MN United

Shortcomings with Possession and Creativity Doom Minnesota United FC Against Columbus 

Photo credit: Greg Bartram (USA TODAY Sports)

What is it that Minnesota United FC excels in? You can pontificate all you like, but it’s hard to label anything clear and outright. This may be the chief issue for Adrian Heath at present. The absence of Kevin Molino, who provides such a strong creative thrust for the team, makes this all the more glaring in their 2-1 loss to the Columbus Crew.

Possession served as a clear-cut example of United’s struggles in the offensive third on Wednesday night. In the first half of that match, Columbus out-possessed Minnesota handily by 61 to 39 percent margin — though it felt like more if you took in the action.

While United was baptizing newcomer Kei Kamara to their squad, that was nowhere near enough of an excuse for their dismal possession retention. In fact, Kamara seemed to be a benefit to all things hold-up play related. With his movement and his touches on the ball, he exuded the type of proficiency the Loons have lacked at striker ever since Luis Amarilla was injured in the MLS bubble. Considering this was his first time playing with United, this would seem to be an especially positive sign.

The chief culprit appears to be Heath and his coaching staff’s tactical instructions. Secondarily, the players who underperformed in the midweek match were Jacori Hayes, Thomas Chacon and Hassani Dotson.

I may be willing to forgive Hayes and Chacon, however, as it would be my conjecture that it was they who seemed to have been negatively influenced by Heath and Co. Both Hayes and Chacon looked utterly frightened to venture anywhere on the pitch separate from the mainstay position they were given to start the game. The fact that both players were also having to fill the boots of two of the teams most entrenched starters feels like it’s not a coincidence either. Meaning, either they felt the pressure of filling in or Heath did and thus was overly conservative with their instructions. Maybe it was a combination of all of the above.

Numerous times Chacon, who is incredibly adept at combining with teammates, looked like a dog with an invisible fence when it came to ever moving away from the left wing. Similarly, Hayes was never heard from when United had possession in the opposing half. This combination of events lead to Minnesota essentially handicapping themselves as it meant less passing options, numerically and dynamically. Knowing Heath’s rigid beliefs, again, one assumes his fingerprints would be found at the scene of the crime.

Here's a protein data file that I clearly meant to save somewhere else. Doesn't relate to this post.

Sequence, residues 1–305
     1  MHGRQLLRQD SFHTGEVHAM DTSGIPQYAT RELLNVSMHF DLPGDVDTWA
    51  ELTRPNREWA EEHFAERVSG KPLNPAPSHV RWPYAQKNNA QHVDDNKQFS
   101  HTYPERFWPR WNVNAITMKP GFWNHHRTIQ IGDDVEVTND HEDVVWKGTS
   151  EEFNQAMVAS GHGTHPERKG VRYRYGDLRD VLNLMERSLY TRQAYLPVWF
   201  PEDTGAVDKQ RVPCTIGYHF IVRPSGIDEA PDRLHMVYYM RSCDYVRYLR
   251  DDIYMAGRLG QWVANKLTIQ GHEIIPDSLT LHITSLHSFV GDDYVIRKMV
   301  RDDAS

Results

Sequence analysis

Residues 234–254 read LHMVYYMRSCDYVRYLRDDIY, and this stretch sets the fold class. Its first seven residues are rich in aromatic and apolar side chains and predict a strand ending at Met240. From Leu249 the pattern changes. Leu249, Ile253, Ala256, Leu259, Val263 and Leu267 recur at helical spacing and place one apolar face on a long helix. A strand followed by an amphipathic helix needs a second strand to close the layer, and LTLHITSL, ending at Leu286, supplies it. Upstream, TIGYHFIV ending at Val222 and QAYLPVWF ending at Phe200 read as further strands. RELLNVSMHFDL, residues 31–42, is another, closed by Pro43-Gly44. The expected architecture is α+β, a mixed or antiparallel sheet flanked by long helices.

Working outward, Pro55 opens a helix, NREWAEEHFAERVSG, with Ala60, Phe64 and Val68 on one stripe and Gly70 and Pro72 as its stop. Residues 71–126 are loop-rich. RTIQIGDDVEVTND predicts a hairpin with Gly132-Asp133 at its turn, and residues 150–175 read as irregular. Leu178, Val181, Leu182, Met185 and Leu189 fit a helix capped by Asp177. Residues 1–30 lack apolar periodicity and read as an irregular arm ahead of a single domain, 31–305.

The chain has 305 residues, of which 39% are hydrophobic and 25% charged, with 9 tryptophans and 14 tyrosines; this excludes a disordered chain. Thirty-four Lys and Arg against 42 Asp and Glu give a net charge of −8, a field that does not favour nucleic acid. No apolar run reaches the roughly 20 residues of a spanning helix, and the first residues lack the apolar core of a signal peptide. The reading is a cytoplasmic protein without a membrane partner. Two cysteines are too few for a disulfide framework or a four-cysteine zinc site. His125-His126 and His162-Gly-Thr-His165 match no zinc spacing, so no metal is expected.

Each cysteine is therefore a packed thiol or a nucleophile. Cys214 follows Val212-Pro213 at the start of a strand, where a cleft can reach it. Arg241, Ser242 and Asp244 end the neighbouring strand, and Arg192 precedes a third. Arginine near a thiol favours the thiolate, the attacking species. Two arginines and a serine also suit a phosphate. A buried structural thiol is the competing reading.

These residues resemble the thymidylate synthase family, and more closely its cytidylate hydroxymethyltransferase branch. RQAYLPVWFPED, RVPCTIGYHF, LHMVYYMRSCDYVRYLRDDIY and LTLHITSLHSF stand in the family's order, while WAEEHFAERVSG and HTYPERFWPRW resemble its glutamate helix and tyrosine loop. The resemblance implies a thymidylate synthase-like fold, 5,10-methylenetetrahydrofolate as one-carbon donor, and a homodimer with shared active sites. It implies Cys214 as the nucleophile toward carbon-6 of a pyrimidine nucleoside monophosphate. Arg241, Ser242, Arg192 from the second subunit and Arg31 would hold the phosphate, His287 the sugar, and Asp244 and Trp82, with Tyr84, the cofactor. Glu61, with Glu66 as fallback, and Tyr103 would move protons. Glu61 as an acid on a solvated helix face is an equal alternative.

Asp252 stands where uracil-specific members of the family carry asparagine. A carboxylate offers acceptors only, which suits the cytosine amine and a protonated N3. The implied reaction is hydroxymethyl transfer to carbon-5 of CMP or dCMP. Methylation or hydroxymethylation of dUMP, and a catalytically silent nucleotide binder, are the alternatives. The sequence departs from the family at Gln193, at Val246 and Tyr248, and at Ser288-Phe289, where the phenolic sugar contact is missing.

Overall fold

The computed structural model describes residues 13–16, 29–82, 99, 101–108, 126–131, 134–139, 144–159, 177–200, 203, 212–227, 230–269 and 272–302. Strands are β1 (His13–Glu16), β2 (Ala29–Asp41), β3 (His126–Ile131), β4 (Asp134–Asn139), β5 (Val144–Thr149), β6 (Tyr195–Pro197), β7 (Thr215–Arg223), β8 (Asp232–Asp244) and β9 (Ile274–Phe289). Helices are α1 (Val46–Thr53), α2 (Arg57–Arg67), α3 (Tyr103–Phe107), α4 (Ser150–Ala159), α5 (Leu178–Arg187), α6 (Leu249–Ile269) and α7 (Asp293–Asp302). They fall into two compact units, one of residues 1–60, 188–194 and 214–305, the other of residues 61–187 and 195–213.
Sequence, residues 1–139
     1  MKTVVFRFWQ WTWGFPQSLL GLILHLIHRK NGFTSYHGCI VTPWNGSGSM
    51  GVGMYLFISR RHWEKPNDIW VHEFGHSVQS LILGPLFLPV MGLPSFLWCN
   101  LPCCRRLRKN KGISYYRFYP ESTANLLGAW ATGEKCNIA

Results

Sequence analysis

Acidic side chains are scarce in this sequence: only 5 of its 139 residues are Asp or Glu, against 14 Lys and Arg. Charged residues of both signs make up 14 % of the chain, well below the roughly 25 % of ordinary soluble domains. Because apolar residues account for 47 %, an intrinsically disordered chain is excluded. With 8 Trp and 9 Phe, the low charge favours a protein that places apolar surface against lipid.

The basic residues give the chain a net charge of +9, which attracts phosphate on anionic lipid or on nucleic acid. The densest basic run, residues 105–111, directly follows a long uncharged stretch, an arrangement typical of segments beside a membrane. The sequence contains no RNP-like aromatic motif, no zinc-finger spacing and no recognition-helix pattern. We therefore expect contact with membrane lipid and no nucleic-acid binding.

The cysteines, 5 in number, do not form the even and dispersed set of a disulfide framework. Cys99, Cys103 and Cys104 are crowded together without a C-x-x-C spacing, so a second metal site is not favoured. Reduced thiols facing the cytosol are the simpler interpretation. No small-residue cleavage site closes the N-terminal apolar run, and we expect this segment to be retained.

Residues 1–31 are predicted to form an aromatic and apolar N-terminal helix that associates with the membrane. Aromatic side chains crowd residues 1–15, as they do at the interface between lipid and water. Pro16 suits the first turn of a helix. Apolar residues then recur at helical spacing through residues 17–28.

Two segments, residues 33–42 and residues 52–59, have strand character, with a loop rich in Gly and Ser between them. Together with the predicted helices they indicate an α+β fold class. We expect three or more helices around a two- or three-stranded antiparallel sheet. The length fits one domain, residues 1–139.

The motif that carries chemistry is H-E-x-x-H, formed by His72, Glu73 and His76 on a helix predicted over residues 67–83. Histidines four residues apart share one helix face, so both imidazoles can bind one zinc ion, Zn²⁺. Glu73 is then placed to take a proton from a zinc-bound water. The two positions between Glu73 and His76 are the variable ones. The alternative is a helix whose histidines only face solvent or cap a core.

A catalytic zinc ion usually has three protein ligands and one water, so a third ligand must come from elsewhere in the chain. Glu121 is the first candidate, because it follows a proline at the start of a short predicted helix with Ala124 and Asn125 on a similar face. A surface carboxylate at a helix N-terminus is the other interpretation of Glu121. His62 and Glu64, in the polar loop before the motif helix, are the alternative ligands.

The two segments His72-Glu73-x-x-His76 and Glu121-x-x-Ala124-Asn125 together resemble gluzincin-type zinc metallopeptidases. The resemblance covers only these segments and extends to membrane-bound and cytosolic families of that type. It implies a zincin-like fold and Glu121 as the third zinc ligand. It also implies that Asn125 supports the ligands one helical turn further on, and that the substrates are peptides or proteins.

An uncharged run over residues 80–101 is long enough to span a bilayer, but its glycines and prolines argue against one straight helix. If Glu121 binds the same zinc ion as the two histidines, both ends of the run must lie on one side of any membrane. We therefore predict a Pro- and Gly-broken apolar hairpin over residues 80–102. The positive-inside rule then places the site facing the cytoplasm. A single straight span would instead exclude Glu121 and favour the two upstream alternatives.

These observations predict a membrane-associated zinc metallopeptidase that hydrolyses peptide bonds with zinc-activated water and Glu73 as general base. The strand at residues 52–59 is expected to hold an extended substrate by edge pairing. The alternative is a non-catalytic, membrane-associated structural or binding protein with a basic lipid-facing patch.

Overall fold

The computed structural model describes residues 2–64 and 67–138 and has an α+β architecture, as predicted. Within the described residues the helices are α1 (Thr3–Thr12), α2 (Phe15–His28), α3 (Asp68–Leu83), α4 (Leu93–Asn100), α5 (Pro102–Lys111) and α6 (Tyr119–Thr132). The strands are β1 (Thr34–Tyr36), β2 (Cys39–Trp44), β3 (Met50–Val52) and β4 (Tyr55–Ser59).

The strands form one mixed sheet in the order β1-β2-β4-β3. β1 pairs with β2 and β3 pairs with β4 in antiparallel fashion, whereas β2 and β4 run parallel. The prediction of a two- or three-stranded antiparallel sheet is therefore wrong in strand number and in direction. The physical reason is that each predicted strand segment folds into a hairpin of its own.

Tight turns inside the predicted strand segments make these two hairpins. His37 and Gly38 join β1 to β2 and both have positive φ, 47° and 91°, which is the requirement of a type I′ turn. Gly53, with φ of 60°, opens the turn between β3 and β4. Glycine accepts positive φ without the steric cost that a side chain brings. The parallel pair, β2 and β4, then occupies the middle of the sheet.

It’s a frustrating conclusion considering the flashes of brilliance both Hayes and Chacon have displayed so far this season.

Dotson, however, seems to be his own worst enemy. The second-year man out of Oregon State continues to struggle to progress whenever he’s moved into midfield. He seems wholly unclear what positions to take up to best assist his team. What’s more, this stymies him from creating his bombastic impact plays he’s become known for.

There was something specific that did seem to work to great effect.

The second half saw United play with new life, something that has been a theme throughout 2020. On Wednesday, it took even longer than usual, though. It was about halfway through the closing stanza before United regularly got forward, and there was one key difference: Emanuel Reynoso dropped deeper to pick up the ball.

Because the entire team trusts him to pick the right pass, there’s much more forward movement when he does this. One of United’s biggest issues on Wednesday (and plenty of other matchdays) is their stagnant and predictable movement off the ball. When someone other than Reynoso is on the ball for Minnesota, oftentimes the opposing team gambles that they won’t be able to find the open man and therefore press the ball aggressively. Numerous times this gamble pays off.

With Reynoso, though, this doesn’t work nearly as much. In fact, it can actually be a domino effect in the opposite direction, because once the defense over-pursues on the Argentine, he uses that vacated space against them. When Molino has been fit and healthy, this has made United highly effective. Without their other creative pivot to foil with Reynoso, the results have been meager. (Once again whey Chacon being chained to his LW position was all the more frustrating on Wednesday.)

At present, United and Heath know some of the pieces they’re certain they want to include — Molino, Reynoso, Robin Lod, Michael Boxall and Dayne St. Clair. What’s unclear is what pieces and what strategy will best bring the rest of the puzzle together.

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Photo credit: Greg Bartram (USA TODAY Sports)

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